In 1623, one kilogram of tobacco was roughly five times more expensive than Shakespeare’s newly published First Folio. The entire collection, which cost only £1, contained thirty-six of his works, many of which incorporate 16th- and 17th-century notions of status, wealth, and money. Most of his characters are garbed in colors and fabrics befitting their social standing, and he frequently presents foreign currencies alongside English coins. So how do the rich and poor fare in Elizabethan England? Explore the infographic below to discover the coins, dress, and literacy of Shakespeare’s world.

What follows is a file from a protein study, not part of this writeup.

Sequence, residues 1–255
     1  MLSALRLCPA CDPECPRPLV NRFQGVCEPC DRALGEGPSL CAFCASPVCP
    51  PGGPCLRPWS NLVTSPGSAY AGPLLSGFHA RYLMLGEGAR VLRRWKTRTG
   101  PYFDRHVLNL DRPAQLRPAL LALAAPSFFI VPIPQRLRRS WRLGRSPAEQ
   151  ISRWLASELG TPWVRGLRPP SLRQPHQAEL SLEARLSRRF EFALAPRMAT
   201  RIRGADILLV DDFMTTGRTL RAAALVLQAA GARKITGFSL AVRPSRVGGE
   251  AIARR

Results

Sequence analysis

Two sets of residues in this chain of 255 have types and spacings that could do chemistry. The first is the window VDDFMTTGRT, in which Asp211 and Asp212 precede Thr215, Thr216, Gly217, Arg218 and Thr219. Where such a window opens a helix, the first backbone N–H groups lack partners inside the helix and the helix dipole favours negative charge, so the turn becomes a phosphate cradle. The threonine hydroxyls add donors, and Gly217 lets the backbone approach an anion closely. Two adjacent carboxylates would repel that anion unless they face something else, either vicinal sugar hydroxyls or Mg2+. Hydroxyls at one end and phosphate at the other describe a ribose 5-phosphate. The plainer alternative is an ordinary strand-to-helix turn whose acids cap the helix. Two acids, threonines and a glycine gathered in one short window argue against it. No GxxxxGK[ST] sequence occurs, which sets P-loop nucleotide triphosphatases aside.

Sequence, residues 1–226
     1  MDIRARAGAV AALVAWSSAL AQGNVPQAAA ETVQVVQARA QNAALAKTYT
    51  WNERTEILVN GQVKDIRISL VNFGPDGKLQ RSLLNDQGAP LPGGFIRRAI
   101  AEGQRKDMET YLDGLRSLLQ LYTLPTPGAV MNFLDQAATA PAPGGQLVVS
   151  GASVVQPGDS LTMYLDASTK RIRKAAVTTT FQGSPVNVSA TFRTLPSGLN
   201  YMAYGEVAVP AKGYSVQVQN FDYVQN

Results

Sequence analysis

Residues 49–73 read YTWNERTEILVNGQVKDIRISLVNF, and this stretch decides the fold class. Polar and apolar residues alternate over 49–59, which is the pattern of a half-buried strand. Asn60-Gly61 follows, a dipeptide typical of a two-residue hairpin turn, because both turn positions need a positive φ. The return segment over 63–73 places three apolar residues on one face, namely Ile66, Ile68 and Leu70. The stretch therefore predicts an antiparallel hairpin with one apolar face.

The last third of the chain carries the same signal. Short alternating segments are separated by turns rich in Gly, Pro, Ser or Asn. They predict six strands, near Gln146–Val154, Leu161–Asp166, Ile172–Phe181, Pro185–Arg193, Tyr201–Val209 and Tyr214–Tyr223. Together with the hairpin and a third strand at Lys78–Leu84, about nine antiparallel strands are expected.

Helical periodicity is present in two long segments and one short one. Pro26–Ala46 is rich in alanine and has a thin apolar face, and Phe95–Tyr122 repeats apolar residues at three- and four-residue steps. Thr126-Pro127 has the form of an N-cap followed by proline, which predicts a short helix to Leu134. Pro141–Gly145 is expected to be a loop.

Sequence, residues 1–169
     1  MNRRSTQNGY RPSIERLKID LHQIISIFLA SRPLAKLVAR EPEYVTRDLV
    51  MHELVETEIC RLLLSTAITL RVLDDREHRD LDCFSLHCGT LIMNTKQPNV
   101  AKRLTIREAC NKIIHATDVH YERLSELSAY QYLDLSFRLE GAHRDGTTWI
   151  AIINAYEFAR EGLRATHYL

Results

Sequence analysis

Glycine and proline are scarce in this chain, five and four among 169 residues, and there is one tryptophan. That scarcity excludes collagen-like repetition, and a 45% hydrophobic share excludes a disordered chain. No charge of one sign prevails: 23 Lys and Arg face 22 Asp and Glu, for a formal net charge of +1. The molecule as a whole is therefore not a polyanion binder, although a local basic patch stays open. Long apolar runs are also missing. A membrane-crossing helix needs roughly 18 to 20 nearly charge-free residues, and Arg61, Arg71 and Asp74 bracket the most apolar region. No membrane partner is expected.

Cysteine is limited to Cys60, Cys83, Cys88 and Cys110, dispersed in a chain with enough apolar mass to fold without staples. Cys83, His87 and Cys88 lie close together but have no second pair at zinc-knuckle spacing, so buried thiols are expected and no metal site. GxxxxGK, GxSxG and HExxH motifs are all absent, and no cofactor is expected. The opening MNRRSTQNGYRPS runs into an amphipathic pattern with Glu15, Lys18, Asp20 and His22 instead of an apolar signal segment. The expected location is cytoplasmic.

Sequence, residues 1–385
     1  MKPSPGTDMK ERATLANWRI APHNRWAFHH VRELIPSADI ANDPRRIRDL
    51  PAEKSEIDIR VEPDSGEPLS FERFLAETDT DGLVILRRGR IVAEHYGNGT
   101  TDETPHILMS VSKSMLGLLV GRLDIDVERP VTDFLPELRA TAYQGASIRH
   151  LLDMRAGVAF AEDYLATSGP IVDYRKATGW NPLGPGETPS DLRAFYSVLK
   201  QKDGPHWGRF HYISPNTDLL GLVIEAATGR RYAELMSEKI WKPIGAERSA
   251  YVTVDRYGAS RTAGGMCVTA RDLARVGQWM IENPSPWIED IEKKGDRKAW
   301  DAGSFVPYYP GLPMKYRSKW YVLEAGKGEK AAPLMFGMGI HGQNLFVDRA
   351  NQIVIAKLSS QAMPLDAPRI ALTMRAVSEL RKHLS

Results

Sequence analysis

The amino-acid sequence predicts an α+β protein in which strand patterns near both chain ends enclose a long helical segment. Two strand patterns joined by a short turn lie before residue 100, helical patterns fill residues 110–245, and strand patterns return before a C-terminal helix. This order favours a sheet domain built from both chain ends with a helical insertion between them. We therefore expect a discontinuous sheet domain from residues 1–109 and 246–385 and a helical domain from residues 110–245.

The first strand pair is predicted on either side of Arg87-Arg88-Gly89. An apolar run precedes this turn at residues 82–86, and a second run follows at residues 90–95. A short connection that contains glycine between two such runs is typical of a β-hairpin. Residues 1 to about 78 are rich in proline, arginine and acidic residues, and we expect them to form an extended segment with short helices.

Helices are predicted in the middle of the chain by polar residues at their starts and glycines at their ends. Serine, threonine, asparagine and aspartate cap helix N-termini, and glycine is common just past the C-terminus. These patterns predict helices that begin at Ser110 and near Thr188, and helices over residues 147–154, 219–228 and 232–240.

Featured Image: “A party in the Open Air. Allegory on Conjugal Love” by Isaac Oliver. Public Domain via Wikimedia Commons